‘ATLAS SHRUGGED: WHO IS JOHN GALT?’ REVIEWED
The film “Atlas Shrugged: Who Is John Galt,” part three of the trilogy, premiered in Las Vegas Sept. 6. The film opened nationwide Friday, Sept. 12.
The goal of the producers is to promote to a wider audience the political insights and philosophy of Ayn Rand, nee Alisa Rosenbaum, the brilliant emigree who fled revolutionary Russia when her family nearly starved in the 1920s after the confiscation of her “bourgeois” father’s business, and who was perceptive enough to see the same disastrous collectivism infecting her adopted land.
Rand’s books — and these films — make it clear there’s nothing wrong with generosity and charity, so long as they’re truly voluntary. The problem arises, she realized, when the ever-more-powerful state masks under its demand that we “share to help our brother man” its schemes to accrue to itself ever more power by seizing the profits of the hard work, enterprise, and inventiveness of the productive class (you know, the “greedy robber barons,”) in order to facilitate the redistribution of those proceeds by blindered bureaucrats to the lazy and the incompetent — a class dubbed the “needy,” whose “needs” can never be met, but which of course grows by leaps and bounds once it figures out it can demand ever more “free stuff” in exchange for its votes.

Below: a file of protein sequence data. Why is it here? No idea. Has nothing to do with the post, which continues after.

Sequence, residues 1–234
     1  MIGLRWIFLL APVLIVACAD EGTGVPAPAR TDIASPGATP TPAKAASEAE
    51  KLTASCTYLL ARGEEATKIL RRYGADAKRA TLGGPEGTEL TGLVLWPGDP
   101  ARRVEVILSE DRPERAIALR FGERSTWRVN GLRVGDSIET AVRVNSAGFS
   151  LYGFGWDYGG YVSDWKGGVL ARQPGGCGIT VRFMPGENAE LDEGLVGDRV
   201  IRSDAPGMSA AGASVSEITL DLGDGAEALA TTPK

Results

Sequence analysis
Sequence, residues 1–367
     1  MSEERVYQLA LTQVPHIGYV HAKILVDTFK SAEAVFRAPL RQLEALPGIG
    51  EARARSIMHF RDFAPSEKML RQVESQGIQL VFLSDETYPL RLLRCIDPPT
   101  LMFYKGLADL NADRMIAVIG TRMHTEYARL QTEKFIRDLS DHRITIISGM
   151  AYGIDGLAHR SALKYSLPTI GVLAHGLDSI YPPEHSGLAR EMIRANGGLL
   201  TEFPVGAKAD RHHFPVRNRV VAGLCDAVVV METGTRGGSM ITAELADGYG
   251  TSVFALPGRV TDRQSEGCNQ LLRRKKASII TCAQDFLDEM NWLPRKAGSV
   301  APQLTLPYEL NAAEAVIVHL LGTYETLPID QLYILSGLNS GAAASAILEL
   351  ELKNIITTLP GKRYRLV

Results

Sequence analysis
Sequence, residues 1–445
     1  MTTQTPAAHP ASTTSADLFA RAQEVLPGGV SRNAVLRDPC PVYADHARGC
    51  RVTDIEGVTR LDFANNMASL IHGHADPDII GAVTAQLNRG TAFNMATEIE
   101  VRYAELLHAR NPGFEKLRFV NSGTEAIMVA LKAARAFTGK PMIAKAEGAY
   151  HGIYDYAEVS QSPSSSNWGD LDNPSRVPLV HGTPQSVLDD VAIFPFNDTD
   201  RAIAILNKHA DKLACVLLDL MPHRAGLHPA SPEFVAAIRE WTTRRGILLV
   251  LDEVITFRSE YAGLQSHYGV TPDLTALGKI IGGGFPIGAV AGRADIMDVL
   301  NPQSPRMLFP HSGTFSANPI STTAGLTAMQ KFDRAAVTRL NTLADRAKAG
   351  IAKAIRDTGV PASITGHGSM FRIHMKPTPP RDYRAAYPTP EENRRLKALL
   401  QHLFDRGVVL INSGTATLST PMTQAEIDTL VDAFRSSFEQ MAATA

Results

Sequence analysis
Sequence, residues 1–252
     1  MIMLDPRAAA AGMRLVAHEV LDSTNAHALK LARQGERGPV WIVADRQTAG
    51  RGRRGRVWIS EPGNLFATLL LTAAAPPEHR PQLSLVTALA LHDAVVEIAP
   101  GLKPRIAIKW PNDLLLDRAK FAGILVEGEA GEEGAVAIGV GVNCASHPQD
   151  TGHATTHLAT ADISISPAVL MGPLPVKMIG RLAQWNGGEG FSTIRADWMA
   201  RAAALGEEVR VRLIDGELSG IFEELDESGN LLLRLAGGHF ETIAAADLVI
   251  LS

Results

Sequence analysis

The stuff isn’t “free.” It’s seized. As their dated work ethic makes suckers of those willing to work hard and gamble their modest wealth in hopes of profit — crippling their efforts with “regulations” and then seizing the dwindling fruit of their labors to be “redistributed” — those virtues get squeezed out. After two generations, Russia and the Ukraine –- once the breadbaskets of Europe — were full of nothing but drunken whiners, standing in line for their weekly ration of lard and a wilted cabbage, while the crops rotted in the fields. Why? Because central bureaucrats will never allocate labor and resources one-tenth as well as a “greedy capitalist” gambling his own cash — and holding out a wad of it for anyone who’ll come pick his tomatoes.